1. As you noted in another post the US does have some odd liquor laws, thus the disappearance of booze bottles from the US eBay site. Good luck on the White Horse!

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  9. I've somehow gotten my hands on a '70s bottle (tax stamp and quart measurement) of Passport Blended Whisky (one of the lower Chivas blends that's big in South America) that was found by my father in a garage cabinet. My theory is that the unopened bottle was purchased by my late grandfather and was part of some items my parents claimed after he passed. Now I would love to compare this to a present day bottle EXCEPT BevMo only sells Passport in 1.75 liter PLASTIC jugs... which have a layer of dust on them already.

    Looks like I might as well crack this open in the future without being able to compare it to a more modern bottle.

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    Replies
    1. Score! You can always bottle a few ounces for future study. Keep an eye on corner liquor stores. They always have cheapie blends like Cluny and Duggan's Dew. Or with any luck you might find another dusty of Passport in the process.

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    2. You know I just realized this bottle might have been a gift for my grandfather which he just put away since he didn't drink. Both the tax stamp and closure are unbroken and the fill level is right at the shoulder. As far as I can tell Passport is a bestseller in Brazil which might explain why I never see 750 mL glass bottles around here. And based on the scant reviews I've found, current Passport is more or less on par with Red Label (excepting a rave review by Jim Murray).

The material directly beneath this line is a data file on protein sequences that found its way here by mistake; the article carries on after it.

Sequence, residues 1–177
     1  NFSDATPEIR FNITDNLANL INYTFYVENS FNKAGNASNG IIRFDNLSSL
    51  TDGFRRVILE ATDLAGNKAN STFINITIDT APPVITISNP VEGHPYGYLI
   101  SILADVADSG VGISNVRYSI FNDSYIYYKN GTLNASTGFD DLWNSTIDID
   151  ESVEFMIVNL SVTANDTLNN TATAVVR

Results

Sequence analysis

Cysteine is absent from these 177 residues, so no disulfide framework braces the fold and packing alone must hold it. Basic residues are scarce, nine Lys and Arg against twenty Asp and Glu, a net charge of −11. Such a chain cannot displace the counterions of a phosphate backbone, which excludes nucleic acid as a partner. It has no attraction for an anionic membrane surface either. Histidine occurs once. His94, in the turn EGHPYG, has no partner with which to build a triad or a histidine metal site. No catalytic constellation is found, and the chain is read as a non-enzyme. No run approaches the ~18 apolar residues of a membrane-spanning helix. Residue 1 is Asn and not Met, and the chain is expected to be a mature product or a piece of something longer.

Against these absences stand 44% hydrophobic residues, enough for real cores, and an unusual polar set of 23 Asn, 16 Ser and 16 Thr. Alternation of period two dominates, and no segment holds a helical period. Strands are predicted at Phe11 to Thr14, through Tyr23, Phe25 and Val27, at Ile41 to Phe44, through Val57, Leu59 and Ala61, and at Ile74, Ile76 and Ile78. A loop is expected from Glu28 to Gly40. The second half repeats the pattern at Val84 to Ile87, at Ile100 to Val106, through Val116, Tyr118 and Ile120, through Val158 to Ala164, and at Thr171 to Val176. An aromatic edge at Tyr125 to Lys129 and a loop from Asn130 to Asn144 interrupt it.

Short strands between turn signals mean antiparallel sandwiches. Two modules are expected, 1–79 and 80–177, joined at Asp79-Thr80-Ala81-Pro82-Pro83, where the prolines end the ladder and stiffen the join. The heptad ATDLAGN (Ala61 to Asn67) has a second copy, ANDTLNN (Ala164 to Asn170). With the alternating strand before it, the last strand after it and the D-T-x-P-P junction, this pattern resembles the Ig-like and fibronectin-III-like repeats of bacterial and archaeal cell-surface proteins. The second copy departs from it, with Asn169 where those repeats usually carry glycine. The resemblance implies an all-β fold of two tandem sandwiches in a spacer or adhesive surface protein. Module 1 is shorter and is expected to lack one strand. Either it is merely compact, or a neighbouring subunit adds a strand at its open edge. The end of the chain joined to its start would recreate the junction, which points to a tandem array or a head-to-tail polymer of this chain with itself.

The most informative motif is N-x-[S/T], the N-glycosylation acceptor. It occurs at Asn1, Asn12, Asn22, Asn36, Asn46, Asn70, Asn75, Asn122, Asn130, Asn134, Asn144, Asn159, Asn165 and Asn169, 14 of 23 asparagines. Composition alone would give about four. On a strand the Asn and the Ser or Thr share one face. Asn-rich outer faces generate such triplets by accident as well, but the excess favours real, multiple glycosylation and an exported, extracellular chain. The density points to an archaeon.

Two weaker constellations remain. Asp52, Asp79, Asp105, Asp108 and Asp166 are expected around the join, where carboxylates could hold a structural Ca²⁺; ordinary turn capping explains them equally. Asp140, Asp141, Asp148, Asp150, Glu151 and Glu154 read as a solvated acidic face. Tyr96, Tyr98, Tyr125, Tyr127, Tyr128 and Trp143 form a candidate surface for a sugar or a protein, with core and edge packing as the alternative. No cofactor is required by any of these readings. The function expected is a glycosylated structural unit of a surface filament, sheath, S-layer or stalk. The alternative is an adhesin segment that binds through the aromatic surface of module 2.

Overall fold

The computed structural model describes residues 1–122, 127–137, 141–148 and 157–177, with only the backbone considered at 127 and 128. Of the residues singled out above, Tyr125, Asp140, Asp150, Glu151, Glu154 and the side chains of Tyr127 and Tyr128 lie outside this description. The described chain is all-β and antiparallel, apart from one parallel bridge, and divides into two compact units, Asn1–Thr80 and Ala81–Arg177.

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    3. According to Pernod Ricard's site, it's the second best selling whisky in Brazil: http://pernod-ricard.com/548/brands/see-all-brands/local-brands/passport-scotch. So you're right on that one.

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  10. Today i finally received my bottle of JW Black Label ... took some time but it's mine :)
    http://www.flickr.com/photos/soulplasma/12308236864/

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    1. Whoa. It IS the same exact bottle! Hope you enjoy it. If you don't mind, please share your tasting notes after your event...

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    2. Hi, yeah... only the color of the Queens Crest differ... yours was black and this one's white. I will definately share my notes for this one :)

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    3. Yeah, you're right. It's interesting that duty free bottlings were of that unique volume "1.1/5 Quart" at some point in time. Now they're 700/750mL or 1L.

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    4. Maybe they had different restrictions back than... as nowadays they usually sell 1L. bottles as you are allowed to take exactly one litre of spirit with you...
      It's also strange that since the 90s we only have 70cl liquor bottles in Europe whilst wine bottles still have 75cl...

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    ReplyDelete